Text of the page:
A Fairer Way to Grade Group Presentations

Adam Sanford, Undergrad Made Easier

One of the reasons that students hate group work is that they don't want a free rider or someone who didn't do very well to drag down their grade. This is one way to counteract that problem. 

Divide the group's score into two parts: individual scores, and the group score. Each part is worth 50% of the grade, or 50 points.

On the day of the presentation, provide students with a sheet to tell you who did which part of the group presentation. For example: John did the research, Jaime did the presenting, and Jorge created the powerpoint slides. 

Tell the students that they have to introduce themselves with their full names before they start presenting. As they present, assess how well John did his research by seeing if he's cited the sources and given them correct credit; assess Jamie's ability to present well; and assess the quality of Jorge's powerpoint slides out of 50 points. (Remember that a 44 would be a B+, a 35 a C-, and so forth.) 

After the presentation, add up each individual score and average the total across all scores. This is the group score. Each individual's grade is now individual score + group score out of 100. 

To ensure that free riders do not get credit, give anyone who was listed by the group as "didn't do anything" or "came to meetings but never contributed" the group score only, and an individual score of 0. (Do not include the 0 in the group's overall grade average.) This controls for free riders, and is fair to the rest of the group.

The Quickwrite: A Weekly Student Reflection Exercise

Adam Sanford, Undergrad Made Easier

The quickwrite is a weekly exercise, designed to encourage students to reflect on the week's lessons and rewrite their notes while doing so. It also allows them a method of asking questions about the course concepts without having to go through the embarrassing ritual of asking in class. This method also allows the instructor to keep a finger on the pulse of the class about important concepts; if a third of the class mentions a concept as a muddy point, it allows the instructor to follow up immediately, rather than finding out on the examination.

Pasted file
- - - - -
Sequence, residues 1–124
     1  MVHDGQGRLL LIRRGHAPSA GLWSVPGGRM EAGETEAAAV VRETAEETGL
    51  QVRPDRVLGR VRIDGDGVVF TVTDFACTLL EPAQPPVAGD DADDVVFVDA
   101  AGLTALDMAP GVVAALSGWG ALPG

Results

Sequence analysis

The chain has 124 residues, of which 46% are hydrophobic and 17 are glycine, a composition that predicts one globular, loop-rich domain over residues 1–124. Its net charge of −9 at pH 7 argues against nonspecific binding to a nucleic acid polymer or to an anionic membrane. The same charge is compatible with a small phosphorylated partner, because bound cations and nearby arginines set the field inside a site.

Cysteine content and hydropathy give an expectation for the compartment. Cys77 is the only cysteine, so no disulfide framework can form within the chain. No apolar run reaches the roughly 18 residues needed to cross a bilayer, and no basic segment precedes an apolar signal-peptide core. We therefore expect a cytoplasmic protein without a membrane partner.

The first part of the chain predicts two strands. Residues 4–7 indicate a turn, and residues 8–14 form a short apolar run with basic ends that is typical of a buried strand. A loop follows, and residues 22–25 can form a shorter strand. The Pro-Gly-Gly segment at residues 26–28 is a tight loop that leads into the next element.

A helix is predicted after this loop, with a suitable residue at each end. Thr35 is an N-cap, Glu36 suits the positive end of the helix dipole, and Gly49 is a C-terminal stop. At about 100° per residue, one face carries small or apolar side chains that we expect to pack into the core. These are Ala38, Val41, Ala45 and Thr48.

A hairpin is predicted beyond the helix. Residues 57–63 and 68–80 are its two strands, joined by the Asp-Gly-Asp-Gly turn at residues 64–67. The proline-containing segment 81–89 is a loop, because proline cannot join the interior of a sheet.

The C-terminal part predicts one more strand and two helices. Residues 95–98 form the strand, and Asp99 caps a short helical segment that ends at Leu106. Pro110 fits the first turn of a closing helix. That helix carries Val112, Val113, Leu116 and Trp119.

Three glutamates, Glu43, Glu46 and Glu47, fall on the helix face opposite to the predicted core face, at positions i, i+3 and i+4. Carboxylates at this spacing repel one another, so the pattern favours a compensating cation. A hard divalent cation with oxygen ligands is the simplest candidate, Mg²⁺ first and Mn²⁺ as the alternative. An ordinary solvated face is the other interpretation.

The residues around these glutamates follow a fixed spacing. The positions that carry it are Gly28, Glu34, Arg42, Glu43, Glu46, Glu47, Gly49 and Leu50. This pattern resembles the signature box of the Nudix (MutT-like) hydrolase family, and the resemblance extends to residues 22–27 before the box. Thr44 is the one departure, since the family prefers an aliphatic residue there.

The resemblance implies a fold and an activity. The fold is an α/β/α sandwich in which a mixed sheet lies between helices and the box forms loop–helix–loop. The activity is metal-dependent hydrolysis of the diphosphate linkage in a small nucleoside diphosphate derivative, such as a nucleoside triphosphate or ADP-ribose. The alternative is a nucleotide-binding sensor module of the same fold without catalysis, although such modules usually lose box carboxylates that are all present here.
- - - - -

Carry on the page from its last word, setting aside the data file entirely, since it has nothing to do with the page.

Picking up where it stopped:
The quickwrite consists of five questions:

1. What terms were the most important concepts of this week's lessons? Be sure to define any important terms in your own words. (2 paragraphs per lesson, 6 points to make sure they write enough content)

2. What was your muddiest point (that is, what did not make sense)? (1 paragraph for the entire week, 1 point)

3. What would you like to know more about from this lesson, and why? (1 paragraph for the entire week, 1 point)

4. How does this lesson relate to something you have already learned outside of this class? (1 paragraph for the entire week, 1 point)

5. Why do you think you were required to learn this content? (1 paragraph for the entire week, 1 point)

Put in caveats that point 2 must be about the course content (not its operations, such as how the grading system works), that point 3 cannot be answered "nothing," that point 4 cannot be answered "it doesn't," and that point 5 cannot be answered with anything relating to grades, degrees, or other achievements that do not directly relate to the course content. 

Make it clear that these disallowed questions will be an automatic fail on the assignment, so that they will take points 2, 3, 4 and 5 seriously enough to answer them. 

They may also answer point 2 with "I had no muddy points." 

Point 3 can often be the seed of a student's paper topic. 

If they do not answer the "why" question in point 3 or the "how" question in point 4, fail the question and explain why. 

This exercise makes students review their lessons in point 1, ask questions about it in a safe and private environment in point 2, explore territory not covered in class in point 3, connect their learning to outside knowledge in point 4, and do some critical analysis of the curriculum in point 5. I have had students tell me they have adapted it for use in other classes for studying and working on finding paper topics.


Start (and end) the term with student questions